Posted by Katy Bones
Midwives deal with violence on a regular basis. Whether its violence experienced by the women we serve, violence within systems of health care, violence against women by providers, or violence within the community of midwives, violence should be looked at continuously in an attempt to understand it, cope with it, and curb it.
“Obstetric violence” is a legal term defined by the Venezuelan government that has been talked about a lot in the birth community since Dr. Perez D’Gregorio published an editorial describing the Venezuelan laws on obstetric violence in the Dec. 2010 issue of the International Journal of Gynecology and Obstetrics. There are several links to some wonderful blogs and articles at the end of this entry that describe the particulars of the legislation in Venezuela. These laws emphasize the role of individual providers in perpetuating and engaging in violence by holding individuals responsible for their actions. D’Gregorio also recognizes the importance of health care systems in contributing to or preventing violence. He notes the importance of training, specifically in regards to upright deliveries, in supporting the autonomy of women and in respecting the natural process of childbirth. Additionally, he recognizes the limitations of individual providers in resource-poor settings where “environmental” reasons necessitate separating the mother and baby shortly postpartum. In itself, the idea that laws can change violent practices points to the importance of system changes as well as individual changes in eliminating practices that undermine the ability of women to get both the best care and the care of their choosing.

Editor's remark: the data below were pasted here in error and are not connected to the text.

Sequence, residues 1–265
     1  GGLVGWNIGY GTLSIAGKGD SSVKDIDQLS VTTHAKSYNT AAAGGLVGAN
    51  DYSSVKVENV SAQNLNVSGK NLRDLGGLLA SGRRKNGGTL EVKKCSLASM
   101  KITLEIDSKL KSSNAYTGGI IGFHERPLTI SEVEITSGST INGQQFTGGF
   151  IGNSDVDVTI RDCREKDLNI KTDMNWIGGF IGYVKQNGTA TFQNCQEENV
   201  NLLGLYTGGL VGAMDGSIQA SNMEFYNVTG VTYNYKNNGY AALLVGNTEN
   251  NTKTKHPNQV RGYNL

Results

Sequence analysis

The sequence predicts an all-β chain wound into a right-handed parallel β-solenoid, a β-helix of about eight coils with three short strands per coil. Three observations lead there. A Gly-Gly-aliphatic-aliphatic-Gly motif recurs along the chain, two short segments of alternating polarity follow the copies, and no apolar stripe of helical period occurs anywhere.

As I begin the intrapartum clinicals in January, I feel grateful to have this opportunity to examine obstetric violence with clarity and intentionality before starting to guide women through labor and birth. The very specific acts delineated by the Venezuelan laws offer explicit components of care that must be handled with knowledge and deep respect for the woman. Specifically, I recognize the importance of learning to help women give birth vertically, a skill that I haven’t yet learned or been well familiarized with. I also intend to maintain consciousness of the ways that I am learning to be a midwife, to avoid violence and to gain trust in the process of childbirth that allows me to serve women in the best ways possible.